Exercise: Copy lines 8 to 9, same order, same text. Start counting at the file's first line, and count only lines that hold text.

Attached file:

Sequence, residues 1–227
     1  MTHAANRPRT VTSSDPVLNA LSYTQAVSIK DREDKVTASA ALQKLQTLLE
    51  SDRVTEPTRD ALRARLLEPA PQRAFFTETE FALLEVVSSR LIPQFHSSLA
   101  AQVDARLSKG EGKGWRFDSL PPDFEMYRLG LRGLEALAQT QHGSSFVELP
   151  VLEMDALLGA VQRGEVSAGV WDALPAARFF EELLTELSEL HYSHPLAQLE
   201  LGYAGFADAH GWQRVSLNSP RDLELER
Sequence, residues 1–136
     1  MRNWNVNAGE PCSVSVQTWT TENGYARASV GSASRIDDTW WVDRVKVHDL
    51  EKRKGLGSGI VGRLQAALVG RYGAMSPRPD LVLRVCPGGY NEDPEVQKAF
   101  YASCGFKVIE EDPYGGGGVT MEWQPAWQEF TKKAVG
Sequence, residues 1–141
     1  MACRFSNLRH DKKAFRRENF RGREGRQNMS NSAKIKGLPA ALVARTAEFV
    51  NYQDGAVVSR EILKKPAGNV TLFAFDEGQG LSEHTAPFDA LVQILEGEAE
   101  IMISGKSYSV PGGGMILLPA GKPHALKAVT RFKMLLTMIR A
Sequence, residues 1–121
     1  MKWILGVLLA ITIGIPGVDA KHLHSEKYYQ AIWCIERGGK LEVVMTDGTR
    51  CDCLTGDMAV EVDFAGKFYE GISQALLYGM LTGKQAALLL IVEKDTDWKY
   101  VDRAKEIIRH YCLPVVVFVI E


     1  MRNWNVNAGE PCSVSVQTWT TENGYARASV GSASRIDDTW WVDRVKVHDL
    51  EKRKGLGSGI VGRLQAALVG RYGAMSPRPD LVLRVCPGGY NEDPEVQKAF